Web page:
Betting Strategies for Horse Racing Part 1: The Martingale System
There are countless betting strategies for horse racing out there, all with a different method which the person who created them believes is successful. Each strategy or approach has its own merits, and the most important factor is whether it makes a long term profit.
However, there is more to it than that. Often a punter will choose a certain strategy, or dismiss another, simply because it does not fit with their personality and or their betting habits.
For example, if a horse racing system picks out horses that are 20/1 or bigger, a person who has spent their gambling life backing favourites or second favourites is likely to rubbish the system after a small sample of results, because it doesn’t follow what they are used to. In the same way, people who are structured with their betting and back the same stakes every race will not like a system that increases the stakes each bet.
We all have our own methods that we are used to using, and finding a horse racing system that takes on board the same ideologies as your current methods will likely give you what you want. Therefore, the team of experts at Which Bookie have created a series of articles on horse racing strategies to help you find one that is right for you.
In the first part of this series, we are going to examine the Martingale Horse Racing betting strategy, who it would suit and how it works.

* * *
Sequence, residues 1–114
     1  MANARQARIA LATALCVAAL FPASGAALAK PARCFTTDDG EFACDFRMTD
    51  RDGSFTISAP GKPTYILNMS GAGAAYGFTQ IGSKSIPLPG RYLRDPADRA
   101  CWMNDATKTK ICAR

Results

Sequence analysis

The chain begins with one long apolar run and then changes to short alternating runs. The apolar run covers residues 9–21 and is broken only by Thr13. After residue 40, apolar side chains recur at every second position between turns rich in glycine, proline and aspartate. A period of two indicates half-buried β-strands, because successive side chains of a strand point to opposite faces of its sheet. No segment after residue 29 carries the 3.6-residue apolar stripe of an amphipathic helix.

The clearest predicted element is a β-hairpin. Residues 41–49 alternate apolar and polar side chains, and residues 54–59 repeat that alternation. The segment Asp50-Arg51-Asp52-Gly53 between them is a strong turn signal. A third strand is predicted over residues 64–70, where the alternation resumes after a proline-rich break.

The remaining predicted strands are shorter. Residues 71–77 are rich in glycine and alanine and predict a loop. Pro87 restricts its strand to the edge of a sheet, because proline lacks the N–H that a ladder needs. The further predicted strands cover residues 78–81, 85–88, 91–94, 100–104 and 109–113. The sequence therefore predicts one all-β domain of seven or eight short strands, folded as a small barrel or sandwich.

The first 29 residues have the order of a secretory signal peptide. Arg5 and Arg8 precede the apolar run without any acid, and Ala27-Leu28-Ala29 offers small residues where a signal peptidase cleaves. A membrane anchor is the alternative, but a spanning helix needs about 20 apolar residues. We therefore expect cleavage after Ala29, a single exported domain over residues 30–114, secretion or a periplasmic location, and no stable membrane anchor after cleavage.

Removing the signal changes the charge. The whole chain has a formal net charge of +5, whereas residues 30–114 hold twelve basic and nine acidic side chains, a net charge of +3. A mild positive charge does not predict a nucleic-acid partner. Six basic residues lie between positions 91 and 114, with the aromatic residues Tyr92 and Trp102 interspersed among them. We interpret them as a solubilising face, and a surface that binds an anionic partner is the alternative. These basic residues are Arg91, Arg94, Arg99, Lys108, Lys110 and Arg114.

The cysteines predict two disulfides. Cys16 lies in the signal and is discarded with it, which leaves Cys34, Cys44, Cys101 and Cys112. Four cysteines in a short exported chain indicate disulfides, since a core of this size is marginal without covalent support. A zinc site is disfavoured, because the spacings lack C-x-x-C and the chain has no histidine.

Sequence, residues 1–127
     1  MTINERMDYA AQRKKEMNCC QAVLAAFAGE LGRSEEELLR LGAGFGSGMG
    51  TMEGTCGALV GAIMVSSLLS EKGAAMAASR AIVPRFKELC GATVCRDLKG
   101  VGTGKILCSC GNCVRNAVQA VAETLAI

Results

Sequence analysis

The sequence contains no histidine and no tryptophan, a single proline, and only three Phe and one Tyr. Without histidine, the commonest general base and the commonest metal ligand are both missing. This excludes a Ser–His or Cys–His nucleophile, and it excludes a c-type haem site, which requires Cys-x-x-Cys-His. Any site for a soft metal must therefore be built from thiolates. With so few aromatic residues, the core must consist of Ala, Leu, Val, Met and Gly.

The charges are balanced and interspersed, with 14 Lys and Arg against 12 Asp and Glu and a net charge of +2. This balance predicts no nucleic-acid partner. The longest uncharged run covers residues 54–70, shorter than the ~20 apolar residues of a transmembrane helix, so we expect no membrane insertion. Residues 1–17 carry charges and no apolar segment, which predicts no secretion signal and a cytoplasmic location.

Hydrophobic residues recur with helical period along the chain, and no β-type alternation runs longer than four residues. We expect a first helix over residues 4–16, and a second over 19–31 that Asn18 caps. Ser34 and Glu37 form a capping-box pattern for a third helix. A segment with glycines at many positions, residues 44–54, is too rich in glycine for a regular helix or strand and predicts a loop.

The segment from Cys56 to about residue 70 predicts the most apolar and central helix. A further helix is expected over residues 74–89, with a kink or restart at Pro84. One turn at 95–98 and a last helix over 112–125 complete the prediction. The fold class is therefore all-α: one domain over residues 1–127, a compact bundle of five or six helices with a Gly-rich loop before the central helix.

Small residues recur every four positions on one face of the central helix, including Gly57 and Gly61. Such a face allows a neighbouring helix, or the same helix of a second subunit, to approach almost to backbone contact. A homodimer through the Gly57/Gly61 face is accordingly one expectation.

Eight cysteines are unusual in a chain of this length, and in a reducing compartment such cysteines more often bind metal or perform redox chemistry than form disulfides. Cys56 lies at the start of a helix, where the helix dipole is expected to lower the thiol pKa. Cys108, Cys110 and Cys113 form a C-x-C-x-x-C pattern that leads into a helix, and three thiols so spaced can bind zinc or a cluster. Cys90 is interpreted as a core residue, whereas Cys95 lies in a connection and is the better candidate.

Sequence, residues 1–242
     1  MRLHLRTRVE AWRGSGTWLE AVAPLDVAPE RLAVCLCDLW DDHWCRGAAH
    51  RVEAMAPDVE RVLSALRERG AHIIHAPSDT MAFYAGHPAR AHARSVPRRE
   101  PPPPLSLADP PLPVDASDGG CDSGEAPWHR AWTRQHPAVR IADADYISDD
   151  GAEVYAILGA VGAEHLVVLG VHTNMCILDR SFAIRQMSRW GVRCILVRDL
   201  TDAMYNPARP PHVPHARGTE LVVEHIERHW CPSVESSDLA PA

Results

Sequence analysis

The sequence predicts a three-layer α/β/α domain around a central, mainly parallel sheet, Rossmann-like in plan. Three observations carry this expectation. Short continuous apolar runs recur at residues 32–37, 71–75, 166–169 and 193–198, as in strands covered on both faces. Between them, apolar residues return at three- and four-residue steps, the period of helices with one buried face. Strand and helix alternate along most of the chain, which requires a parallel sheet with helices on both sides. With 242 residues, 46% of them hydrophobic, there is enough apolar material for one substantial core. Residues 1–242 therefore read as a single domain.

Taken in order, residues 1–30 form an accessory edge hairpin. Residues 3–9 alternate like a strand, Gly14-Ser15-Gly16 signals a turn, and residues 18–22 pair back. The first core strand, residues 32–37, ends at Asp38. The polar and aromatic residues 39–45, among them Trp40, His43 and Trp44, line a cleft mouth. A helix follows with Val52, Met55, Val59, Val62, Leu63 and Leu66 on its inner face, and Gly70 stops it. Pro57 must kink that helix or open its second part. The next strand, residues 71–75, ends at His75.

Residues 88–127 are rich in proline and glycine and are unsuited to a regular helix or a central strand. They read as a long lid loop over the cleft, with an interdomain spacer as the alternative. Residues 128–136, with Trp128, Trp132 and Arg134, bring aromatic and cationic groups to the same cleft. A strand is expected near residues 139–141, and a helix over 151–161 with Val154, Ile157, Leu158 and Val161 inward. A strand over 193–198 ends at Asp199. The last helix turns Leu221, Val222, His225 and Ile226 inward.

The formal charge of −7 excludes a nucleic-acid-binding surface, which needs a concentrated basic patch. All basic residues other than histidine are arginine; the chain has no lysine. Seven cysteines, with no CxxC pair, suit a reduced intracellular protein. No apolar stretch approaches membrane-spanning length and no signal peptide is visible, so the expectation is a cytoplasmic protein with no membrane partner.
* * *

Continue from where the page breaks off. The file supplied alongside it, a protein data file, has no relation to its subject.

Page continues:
The Martingale System For Horse Racing
The way this plan works will suit people who like to back favourites and also people who do not mind varying their stakes. Those who look beyond the favourite in a race, and those who like to keep their stakes the same may find this system either hard to use, or they may struggle to use it at all as it is very different to what they would normally do.
The Martingale plan actually originates from the roulette table and has been adapted to cover horse racing. Players on the roulette table who bet on red or black used this system to increase their staking amounts after every bet, knowing a win would eventually cover their losses.
The original people behind this idea believed that because you had a 50% chance of winning by choosing either red or black (which actually you don’t) then the probability is that if you lose, your next spin will be a winner. Again this isn’t true and after later proof showing it is possible to spin multiple blacks in a row, they tempered their expectations of the system.
The plan used for betting at a horse racing bookie is pretty much the same as the roulette plan, with a couple of differences to adapt it to sports betting. Firstly, in horse racing you very rarely have a 50/50 chance of winning a race, therefore when it comes to horse racing the risks are higher.
However, the benefit of horse racing is that the rewards are often greater, giving you a pay out of bigger than even money. With those two alterations in mind, this plan can only be applied to horse racing if you are confident you will pick winners out consistently, otherwise, your betting bank will quickly disappear.
Despite having a variable staking plan, the Martingale plan is very easy to follow, especially if you have used a variable staking plan in the past. To start the plan, you place a bet with a small stake, the best starting point would be to play 1% of your betting bank. If the bet wins, then great, place your next bet at the same stake, because after every winner on this plan, you revert back to your original starting point, which is 1% of your betting bank. In the below table we have used a 1% starting stake and a betting bank of £100 so the first bet would be £1.